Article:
Weekend reading: “Jobs and the Holidays” edition
This is a weekly post we publish on Fridays with links to articles that touch on economic inequality and growth. The first section is a round-up of what Equitable Growth published this week and the second is the work we’re highlighting from elsewhere. We won’t be the first to share these articles, but we hope by taking a look back at the whole week, we can put them in context.
Equitable Growth round-up
New research reveals that workers who receive low pay, have unstable working schedules, and are offered few fringe benefits also experience a lower propensity to marry. Alix Gould-Werth explains that while existing research shows that, among older men, higher earnings are a predictor of marriage, workers with poor quality jobs—regardless of pay—are less likely to get married when compared to their counterparts with adequate job quality.
A recent report by the Congressional Budget Office finds that there has been significant growth in income inequality since 1979, with the CBO inferring that growing inequality has disproportionately affected the middle class. Austin Clemens argues for a more careful interpretation of the CBO report, especially in the way taxes and transfers impact income distribution, in order to create a more accurate metric to measure growing inequality.
Brad DeLong compiles his most recent worthy reads on equitable growth both from Equitable Growth and outside press and academics.
Kate Bahn discusses the research that addresses the effects of increasing the U.S. minimum wage, particularly how the research shows that there are very few negative economic effects on employment. Instead, when looking at earning trajectories of workers earning the minimum wage, economists find that the gains are greatest among the bottom of the quartile for up to five years after a minimum wage increase.
On November 2, we lost Harvard University sociologist and Equitable Growth grantee Devah Pager to cancer. Pager played a pivotal role in highlighting race-based hiring discrimination by finding that white men with a criminal record have a greater probability of achieving employment compared to black men without a record. Equitable Growth is proud we had the opportunity to support Pager and send our thoughts to those who are grieving her loss.
Links from around the web
Homeownership has traditionally been the sole opportunity for low- and middle-class Americans to accumulate wealth, yet institutional racism within federal housing policy has made it difficult for African-American households to grow that wealth, invest in businesses, and even attend college, says a new report from The Brookings Institute. It finds that the devaluation of black homeownership has led to an average of $48,000 in lost value of homes in black communities due to racial biases. This report shows that even though the practice of racial housing policies, such as redlining, are now illegal, there are still strong biases in the real estate market that make it difficult for members of black communities to experience mobility. [brookings]
A final farm bill backed by House Republicans no longer includes work requirements for recipients of supplemental nutrition assistance who have children over the age of six. Attaching work requirements to this federal program would have affected between 800,000 and 1.1 million American households—especially households living in regions with relatively stagnated employment growth. [wapo]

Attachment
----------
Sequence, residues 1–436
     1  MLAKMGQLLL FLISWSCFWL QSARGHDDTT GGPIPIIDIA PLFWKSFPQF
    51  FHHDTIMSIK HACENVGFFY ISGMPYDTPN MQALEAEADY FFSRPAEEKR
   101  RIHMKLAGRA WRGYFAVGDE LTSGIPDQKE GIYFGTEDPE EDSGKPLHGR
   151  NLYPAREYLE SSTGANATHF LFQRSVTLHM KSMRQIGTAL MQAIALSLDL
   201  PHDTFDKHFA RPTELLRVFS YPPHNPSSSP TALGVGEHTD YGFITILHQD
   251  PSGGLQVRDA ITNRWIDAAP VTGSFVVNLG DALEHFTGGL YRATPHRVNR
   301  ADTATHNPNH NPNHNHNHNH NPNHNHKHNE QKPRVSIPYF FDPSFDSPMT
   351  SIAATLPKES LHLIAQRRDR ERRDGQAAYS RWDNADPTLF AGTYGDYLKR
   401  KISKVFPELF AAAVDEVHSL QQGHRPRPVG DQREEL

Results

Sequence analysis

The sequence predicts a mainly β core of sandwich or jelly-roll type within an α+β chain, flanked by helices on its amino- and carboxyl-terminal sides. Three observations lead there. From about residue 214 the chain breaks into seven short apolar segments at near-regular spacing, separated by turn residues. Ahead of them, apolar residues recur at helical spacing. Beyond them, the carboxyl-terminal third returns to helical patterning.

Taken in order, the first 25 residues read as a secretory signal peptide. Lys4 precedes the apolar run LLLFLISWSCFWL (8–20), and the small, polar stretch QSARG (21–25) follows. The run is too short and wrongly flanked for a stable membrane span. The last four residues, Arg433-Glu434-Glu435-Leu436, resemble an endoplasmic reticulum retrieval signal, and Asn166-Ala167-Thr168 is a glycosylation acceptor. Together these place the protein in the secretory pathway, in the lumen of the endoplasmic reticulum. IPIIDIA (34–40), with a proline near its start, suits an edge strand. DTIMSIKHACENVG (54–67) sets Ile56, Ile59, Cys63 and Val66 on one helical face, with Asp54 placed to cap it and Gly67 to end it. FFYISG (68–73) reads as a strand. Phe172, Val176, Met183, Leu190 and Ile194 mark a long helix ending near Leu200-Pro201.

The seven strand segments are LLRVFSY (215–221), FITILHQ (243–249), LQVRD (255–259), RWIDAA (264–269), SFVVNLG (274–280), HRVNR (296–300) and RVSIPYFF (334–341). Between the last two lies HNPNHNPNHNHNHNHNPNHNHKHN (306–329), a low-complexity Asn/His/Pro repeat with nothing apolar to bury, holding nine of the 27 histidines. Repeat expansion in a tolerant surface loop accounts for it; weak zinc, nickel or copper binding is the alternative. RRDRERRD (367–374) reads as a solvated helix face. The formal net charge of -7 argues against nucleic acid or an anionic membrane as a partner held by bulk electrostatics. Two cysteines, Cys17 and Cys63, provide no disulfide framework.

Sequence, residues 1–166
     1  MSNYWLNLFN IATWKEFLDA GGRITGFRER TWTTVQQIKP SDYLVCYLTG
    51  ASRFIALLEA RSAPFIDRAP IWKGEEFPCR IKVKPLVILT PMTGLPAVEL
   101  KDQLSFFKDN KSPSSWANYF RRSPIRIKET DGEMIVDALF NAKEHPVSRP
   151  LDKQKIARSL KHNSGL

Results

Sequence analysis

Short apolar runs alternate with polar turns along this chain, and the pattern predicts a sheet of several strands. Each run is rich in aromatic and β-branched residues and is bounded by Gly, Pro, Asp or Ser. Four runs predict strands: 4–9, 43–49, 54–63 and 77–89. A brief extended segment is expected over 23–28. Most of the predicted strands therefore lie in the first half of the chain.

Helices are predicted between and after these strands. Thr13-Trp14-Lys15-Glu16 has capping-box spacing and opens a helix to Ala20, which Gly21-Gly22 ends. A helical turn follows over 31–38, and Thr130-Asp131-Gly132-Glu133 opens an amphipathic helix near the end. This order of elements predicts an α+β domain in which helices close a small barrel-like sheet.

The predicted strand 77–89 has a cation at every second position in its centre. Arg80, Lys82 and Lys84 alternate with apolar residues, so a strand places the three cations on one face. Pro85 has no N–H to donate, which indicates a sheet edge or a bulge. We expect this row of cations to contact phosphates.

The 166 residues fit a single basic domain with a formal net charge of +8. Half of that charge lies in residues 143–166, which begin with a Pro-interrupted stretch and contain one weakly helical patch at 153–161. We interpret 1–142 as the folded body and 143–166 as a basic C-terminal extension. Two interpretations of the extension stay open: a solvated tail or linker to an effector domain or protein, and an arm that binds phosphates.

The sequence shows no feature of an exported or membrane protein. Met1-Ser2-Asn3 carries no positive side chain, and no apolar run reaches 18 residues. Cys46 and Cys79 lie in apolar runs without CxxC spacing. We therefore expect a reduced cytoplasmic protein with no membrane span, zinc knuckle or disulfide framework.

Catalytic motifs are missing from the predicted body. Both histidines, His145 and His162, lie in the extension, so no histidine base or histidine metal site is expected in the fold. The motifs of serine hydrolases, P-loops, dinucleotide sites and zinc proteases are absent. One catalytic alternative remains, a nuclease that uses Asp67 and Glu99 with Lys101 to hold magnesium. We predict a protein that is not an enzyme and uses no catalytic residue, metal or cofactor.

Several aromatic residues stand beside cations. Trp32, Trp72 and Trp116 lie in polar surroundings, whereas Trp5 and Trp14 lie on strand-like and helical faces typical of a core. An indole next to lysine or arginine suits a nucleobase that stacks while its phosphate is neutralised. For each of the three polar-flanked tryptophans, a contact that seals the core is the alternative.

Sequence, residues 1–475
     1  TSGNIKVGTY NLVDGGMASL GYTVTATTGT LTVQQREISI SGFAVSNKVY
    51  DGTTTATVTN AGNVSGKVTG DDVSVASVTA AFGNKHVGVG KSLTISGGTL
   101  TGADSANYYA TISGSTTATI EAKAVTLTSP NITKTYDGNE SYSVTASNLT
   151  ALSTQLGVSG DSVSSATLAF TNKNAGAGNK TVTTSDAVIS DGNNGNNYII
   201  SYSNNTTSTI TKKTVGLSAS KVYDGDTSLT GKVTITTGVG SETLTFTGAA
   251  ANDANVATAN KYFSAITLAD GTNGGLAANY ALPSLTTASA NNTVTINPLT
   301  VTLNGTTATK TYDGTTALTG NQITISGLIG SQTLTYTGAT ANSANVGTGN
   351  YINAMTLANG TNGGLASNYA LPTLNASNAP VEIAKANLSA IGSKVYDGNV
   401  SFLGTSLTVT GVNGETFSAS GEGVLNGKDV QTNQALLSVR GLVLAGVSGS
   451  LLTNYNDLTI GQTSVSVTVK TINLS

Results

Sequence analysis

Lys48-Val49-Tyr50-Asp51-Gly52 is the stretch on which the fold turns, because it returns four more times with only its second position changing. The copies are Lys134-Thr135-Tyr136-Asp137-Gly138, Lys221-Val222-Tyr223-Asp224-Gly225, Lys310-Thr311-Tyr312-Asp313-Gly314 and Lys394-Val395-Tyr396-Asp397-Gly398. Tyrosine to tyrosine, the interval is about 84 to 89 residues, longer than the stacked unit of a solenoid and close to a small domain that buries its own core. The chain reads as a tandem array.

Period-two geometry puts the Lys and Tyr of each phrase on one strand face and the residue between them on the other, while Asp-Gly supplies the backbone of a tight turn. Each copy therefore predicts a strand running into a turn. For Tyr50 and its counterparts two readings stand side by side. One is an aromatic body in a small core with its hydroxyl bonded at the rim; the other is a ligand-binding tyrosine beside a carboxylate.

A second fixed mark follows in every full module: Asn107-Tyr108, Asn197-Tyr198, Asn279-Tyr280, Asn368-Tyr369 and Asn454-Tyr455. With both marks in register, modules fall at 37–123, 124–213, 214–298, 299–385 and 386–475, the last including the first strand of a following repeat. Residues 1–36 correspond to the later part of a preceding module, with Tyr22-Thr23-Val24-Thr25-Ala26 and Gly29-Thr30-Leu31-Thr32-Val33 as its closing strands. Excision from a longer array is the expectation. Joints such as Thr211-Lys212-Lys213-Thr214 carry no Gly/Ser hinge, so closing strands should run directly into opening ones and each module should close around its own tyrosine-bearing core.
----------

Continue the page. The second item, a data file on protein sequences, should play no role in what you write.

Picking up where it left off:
The Institute for Women’s Policy Research released a new report regarding the current status of gender wage inequality in the United States. They find that when measuring total earnings across 15 years, data shows that women earn 49 percent of men’s earnings. The report examines the penalties and inequalities women face in the labor market and what policies can help alleviate this economic burden. [iwpr]
Small companies are increasingly not going public on U.S. stock markets because they are often persuaded by venture capital firms to stay private or are bought out by a large organization—contributing to decreasing entrepreneurship and competition in the business-creation field. Early-stage buy-outs contribute to slow wage growth and innovation. Increasing the number of small businesses in public stock markets can increase productivity and provide higher-quality goods and services available to consumers. [nyt]
New data from the Center for Disease Control and Prevention shows that average life expectancy in the United States has dropped for the third year in a row. When dissecting their data, the CDC found that poor and middle-class Americans die earlier than wealthy individuals. This gap may continue to grow as healthcare policy changes in the future make it difficult for low and middle-class households to afford adequate healthcare. This Vox report referenced both the CDC’s work and former Equitable Growth Steering Committee member Raj Chetty’s work analyzing income data and mortality data to from 2001-2014, which found that the wealthiest Americans gained five years of longevity, and poor and middle class Americans saw no change in their mortality. [vox]
Figure is from Equitable Growth’s, “U.S. income growth has been stagnant. To what degree depends on how you measure it.”